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Susann Fiedler

Video Susann Fiedler

Susann Fiedler

Researcher of the Month

Group Behavior: How People Make Decisions

Exclusion is omnipresent in social interactions. So is the fact that we prefer to surround ourselves with like-minded people. In her new study, WU researcher Susann Fiedler from the Institute for Cognition and Behavior uncovers cognitive processes underlying our group behavior. For this purpose, she and her team use eye tracking technology, a tool known from newspaper research.

The stranger who tries their best to return a lost wallet to its rightful owner or an employee who helps a colleague with a project: It is actions like these that shape our environment and create a basis of trust and cooperation. To encourage such behavior and increase the level of collaboration within an organization, it is important to understand how collaboration decisions are made.

Susann Fiedler's team uses eye tracking technology to record gaze behavior of study participants while they actively make a decision as to whether or not they should share their own resources with another person. The share of attention paid to one's own monetary resources can be understood as an indicator of how much relevance this person gives to these resources during the decision-making process. The experiments thus investigate the still poorly understood attentional mechanisms behind intergroup discrimination.

Key findings:

  • People with strong prosocial preferences, that is, those wanting to help others, are more likely to reduce their personal welfare to benefit another person from their group rather than a person from another group.

  • Stronger prosocial preferences are associated with greater decision effort: Such individuals require more time in making a decision and inspect more information before making decisions. This observation contradicts the assumption that cooperation is an intuitive decision made fast and without much deliberation

  • Individuals whose partner is a member of their own group placed larger weight on others’ outcomes and invested more time and effort in gathering information before reaching a decision. It is possible that people are particularly concerned about the consequences of their decisions when members of their own group are involved and affected.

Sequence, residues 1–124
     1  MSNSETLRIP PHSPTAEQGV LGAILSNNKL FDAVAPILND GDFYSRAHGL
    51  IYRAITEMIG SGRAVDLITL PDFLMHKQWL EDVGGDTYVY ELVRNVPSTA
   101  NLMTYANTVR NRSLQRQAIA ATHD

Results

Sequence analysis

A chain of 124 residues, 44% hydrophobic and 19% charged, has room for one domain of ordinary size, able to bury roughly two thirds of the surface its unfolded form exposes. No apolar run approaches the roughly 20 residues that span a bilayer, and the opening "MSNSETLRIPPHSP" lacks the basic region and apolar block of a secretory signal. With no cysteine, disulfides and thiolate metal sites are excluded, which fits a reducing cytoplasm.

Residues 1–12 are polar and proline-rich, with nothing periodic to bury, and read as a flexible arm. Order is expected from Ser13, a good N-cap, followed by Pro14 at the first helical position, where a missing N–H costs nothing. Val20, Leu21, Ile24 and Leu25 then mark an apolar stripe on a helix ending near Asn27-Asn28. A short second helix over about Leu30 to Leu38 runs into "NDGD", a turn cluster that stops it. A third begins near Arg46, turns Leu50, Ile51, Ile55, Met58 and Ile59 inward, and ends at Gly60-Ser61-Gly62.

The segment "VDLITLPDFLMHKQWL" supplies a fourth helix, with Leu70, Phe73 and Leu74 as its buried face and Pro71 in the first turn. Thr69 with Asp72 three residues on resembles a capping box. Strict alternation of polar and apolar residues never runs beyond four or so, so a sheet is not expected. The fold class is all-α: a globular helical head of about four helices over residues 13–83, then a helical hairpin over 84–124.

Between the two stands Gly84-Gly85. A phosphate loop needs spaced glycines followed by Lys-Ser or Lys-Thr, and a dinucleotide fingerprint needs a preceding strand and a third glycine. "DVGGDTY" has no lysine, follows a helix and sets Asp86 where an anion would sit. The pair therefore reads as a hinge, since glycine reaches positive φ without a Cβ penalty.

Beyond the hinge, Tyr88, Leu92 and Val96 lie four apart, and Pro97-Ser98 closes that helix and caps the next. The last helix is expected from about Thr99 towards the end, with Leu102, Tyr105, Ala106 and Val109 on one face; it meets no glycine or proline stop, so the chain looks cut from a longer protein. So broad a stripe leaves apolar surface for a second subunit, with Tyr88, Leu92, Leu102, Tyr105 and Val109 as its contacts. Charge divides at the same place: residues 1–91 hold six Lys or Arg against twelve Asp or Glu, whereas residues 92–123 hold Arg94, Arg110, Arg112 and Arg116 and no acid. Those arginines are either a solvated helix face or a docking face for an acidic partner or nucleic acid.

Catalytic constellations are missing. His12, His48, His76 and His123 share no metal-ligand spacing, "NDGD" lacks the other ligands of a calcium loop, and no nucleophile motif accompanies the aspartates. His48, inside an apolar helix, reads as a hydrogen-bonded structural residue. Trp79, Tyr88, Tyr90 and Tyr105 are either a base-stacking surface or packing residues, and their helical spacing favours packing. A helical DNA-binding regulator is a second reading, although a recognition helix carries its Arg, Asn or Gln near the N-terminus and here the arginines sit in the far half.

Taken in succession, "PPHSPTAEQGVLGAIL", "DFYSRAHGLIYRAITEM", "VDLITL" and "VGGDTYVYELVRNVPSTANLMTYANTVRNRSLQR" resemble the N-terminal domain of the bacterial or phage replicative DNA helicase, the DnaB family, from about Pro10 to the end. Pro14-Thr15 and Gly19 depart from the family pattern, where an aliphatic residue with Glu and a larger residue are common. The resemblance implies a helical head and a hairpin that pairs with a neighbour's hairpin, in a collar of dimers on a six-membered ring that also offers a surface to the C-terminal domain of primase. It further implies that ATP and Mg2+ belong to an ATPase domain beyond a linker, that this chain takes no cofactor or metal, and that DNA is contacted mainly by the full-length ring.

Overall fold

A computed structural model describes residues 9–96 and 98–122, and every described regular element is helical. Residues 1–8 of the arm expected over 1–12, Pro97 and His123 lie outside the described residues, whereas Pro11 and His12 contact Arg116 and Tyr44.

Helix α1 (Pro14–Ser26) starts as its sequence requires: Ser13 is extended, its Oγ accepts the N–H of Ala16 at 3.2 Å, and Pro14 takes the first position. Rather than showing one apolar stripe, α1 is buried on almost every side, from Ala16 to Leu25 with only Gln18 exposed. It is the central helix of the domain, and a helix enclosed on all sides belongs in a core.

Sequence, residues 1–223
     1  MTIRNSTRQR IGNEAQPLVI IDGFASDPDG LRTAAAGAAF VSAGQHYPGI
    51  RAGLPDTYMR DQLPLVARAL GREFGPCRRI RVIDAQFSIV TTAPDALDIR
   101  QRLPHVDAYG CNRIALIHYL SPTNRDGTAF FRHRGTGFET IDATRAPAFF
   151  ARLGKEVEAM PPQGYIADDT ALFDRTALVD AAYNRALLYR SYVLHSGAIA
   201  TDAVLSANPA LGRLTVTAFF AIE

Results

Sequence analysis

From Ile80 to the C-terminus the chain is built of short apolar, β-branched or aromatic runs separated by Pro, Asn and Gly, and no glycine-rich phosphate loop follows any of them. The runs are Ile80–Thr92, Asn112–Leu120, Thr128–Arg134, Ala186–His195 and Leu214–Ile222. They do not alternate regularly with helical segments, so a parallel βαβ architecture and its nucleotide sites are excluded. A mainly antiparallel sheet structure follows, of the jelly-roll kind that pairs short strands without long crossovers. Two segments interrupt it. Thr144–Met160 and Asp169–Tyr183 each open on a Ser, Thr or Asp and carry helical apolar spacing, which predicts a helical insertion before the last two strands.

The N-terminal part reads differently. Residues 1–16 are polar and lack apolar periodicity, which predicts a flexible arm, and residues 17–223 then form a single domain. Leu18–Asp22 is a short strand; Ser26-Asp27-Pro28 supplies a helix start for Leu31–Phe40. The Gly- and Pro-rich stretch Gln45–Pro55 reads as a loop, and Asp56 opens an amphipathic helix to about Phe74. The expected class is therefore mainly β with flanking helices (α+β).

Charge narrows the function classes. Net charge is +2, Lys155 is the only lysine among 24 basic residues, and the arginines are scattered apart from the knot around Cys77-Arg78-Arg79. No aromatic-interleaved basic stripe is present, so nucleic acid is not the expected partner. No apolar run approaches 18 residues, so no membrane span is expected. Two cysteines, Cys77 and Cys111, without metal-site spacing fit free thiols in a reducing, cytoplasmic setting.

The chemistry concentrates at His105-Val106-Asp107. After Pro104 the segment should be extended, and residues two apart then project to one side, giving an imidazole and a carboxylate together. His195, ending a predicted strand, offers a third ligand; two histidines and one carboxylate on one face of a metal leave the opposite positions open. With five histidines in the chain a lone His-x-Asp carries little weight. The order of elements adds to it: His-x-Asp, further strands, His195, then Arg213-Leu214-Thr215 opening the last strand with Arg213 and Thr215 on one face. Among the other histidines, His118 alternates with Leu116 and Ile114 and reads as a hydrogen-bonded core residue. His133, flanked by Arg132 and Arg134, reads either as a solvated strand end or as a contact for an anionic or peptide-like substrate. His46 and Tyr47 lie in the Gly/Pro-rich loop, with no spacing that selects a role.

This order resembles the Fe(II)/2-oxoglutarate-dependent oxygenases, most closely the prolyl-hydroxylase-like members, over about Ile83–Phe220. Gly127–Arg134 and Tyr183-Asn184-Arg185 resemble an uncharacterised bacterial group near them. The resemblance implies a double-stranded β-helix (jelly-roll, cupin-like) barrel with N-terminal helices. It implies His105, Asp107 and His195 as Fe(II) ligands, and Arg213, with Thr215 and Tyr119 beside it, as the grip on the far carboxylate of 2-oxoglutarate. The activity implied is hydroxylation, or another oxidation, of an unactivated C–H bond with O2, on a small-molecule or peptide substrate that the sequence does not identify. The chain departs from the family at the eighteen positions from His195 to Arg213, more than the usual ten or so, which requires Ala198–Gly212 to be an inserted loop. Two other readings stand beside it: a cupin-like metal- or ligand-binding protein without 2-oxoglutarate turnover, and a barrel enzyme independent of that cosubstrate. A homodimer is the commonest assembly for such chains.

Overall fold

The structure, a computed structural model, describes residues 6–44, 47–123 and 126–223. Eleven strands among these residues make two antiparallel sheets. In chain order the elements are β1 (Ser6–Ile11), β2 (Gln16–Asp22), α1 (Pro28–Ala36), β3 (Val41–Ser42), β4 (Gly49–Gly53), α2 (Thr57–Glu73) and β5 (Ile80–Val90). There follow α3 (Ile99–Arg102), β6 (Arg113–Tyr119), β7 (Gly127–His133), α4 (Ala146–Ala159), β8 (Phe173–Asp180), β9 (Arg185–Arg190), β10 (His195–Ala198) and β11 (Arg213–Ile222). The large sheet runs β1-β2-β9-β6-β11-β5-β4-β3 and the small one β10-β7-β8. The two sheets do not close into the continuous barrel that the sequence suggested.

"The results show that utility differences from different courses of action do not only predict behavioral choices but also the cognitive effort spent on decision making", Fiedler said. "Our experiments allow us to take a new look at intergroup research by moving beyond evaluating mere decision behavior and focusing more on the processes underlying those decisions. Preliminary findings shed light on how much people with different social preferences care about the resources of others in an intergroup context, and on how much effort they invest on information search when making a decision that maximizes their own resources, benefits their own team, or supports a rivaling group."

About Susann Fiedler

Susann Fiedler

Susann Fiedler is a behavioral scientist. She received her PhD in psychology from the University of Erfurt in 2013 and has been leading the Gielen-Leyendecker Research Group on Economic Cognition at the Max Planck Institute for Research on Collective Goods since 2014. During her academic career, she has been a visiting researcher at the Edmond J. Safra Center for Ethics (Harvard University) and a visiting professor at the University of Hagen.
Among others, she has been awarded the Max Planck Society's Otto Hahn Medal for her work on the cognitive and affective foundations of evaluation and action processes.

Susann Fiedler’s research focuses on issues related to the design of choice situations and organizational environments. It offers insights into how situations and problems are mentally represented and how these representations can change. Other research interests include motivation, discrimination, cooperation, and the replicability of research findings.

Her work has been published in numerous journals, including Science, Organizational Behavior and Human Decision Processes, Psychological Science, Journal of Experimental Psychology: General, and PNAS.